Either way, it’s all in the same homophobic place. And it’s not helpful. Evangelical, pastor of Saddleback Church in CA and author of the The Purpose Driven Life and the The Purpose Driven Church, Pastor Rick Warren came out (pun intended) this past week in support of California’s proposition 8, banning gay marriage:
For 5,000 years, every culture and every religion — not just Christianity — has defined marriage as a contract between men and women. There is no reason to change the universal, historical definition of marriage to appease 2% of our population. This is one issue that both Democrats and Republicans can agree on. Both Barack Obama and John McCain have publicly opposed the redefinition of marriage to include so-called ‘gay marriage.’ Even some gay leaders, like Al Rantel of KABC oppose watering down the definition of marriage.
Of course, my longtime opposition is well known. This is not a political issue, it is a moral issue that God has spoken clearly about. There is no doubt where we should stand on this issue.
This will be a close contest, maybe even decided by a few thousand votes. I urge you to VOTE YES on Proposition 8 — to preserve the biblical definition of marriage. Don’t forget to vote!
The good news here (yes, more punning) is that members of his own religious community are calling him to task for it :
And if we needed further warrant for this, the Fourteenth Amendment’s guarantee of “equal protection under law” codified that into the Constitution itself.
Many Americans, myself included, understand the California supreme court’s decision (and similar rulings in other jurisdictions) as an expression of that principle, an expansion of civil rights to those who have been denied equality for a very long time. It’s not at all at odds with fundamental Baptist principles of liberty and protection from a majoritarian ethic that imposes its standards on the minority.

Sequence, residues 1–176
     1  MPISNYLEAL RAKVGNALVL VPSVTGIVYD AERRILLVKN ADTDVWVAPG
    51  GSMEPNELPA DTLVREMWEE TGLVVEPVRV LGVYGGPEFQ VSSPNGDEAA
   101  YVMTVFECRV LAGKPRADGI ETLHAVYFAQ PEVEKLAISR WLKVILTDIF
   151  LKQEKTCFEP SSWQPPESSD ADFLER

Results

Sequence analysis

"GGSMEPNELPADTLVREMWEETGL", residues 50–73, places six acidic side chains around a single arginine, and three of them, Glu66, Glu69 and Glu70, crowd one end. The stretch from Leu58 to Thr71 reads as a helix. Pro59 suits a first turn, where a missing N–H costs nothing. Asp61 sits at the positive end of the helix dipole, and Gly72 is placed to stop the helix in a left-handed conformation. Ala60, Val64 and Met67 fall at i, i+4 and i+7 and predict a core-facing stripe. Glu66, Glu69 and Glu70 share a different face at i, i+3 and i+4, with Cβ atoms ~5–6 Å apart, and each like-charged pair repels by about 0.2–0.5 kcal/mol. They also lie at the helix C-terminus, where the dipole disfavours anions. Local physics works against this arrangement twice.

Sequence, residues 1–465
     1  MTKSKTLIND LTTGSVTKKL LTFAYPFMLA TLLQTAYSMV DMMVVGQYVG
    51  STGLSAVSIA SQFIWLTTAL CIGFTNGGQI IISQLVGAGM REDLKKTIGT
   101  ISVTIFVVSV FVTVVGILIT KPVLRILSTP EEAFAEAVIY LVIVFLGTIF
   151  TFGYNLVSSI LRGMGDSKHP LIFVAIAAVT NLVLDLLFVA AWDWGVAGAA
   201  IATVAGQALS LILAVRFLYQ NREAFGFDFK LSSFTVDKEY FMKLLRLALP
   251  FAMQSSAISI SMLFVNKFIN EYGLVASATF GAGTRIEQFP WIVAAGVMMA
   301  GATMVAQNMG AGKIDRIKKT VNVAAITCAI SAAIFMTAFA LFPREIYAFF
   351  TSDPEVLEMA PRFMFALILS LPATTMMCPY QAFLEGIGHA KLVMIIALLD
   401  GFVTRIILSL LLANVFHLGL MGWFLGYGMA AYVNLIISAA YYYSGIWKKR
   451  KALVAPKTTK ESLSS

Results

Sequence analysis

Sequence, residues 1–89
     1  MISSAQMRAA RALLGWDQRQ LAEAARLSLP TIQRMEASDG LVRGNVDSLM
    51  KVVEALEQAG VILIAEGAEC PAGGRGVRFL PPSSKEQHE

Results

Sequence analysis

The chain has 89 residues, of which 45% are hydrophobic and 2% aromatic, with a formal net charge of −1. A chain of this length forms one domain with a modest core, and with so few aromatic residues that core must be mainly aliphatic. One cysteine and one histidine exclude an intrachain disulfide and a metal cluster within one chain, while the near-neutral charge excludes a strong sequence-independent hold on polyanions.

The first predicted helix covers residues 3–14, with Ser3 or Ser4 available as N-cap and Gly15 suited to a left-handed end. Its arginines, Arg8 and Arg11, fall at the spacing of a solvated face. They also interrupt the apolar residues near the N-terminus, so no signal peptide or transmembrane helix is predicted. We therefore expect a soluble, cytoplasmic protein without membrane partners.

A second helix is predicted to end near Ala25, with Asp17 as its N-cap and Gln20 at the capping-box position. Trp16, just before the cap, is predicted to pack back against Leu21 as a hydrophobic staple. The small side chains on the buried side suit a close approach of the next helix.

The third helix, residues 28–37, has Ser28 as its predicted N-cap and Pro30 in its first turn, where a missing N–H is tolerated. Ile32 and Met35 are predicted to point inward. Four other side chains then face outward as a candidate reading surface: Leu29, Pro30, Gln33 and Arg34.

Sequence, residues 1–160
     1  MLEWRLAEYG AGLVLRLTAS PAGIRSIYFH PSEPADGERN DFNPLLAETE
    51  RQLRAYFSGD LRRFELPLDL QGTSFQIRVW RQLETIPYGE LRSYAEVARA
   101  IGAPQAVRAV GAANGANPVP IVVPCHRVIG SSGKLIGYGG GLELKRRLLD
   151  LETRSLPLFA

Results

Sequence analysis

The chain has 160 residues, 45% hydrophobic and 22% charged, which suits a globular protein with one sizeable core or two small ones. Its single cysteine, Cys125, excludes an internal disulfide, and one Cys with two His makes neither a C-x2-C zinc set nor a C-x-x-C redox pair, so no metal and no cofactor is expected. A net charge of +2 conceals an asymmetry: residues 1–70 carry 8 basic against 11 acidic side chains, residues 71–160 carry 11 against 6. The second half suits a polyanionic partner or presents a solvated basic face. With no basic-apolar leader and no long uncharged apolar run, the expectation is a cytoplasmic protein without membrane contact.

I challenge Rick Warren, my friend and fellow evangelical, to reconsider his support for Proposition 8. Warren and all people of faith have every right to hold to their religious views about homosexuality. But to insist that those standards must be observed by everyone in a pluralistic society is — well, it’s not Baptist.
Rick Warren knows better.
Yes, Rick Warren should know better. He’s been one of a group of Evangelical leaders trying to get evangelicals to work on issues such as the AIDS crisis and the environment, but something like this makes me question why? I don’t like questioning people’s motives for such work, and I believe Warren has good intentions, but I wonder what what he thinks about people with AIDS? Still sinners who he love in spite of their sin? I think his statement on Proposition 8 is more of a true colors statement about his theology, some people have more dignity and worth than others; some people view the world and who’s acceptable differently than Rich Warren and that’s not acceptable. Having such views is called bigotry. Bigotry is born of ignorance and fear, together they breed hatred and violence. It’s sad and damaging to see someone with Warren’s profile contributing to this in a season where political rallies are calling for the death of candidate for president of the United States under what amounts to thinly veiled racism. Right now we need tolerance and acceptance, not bigotry, fear and hate driven lives. I do hope there’s room for that in Warren’s ministry.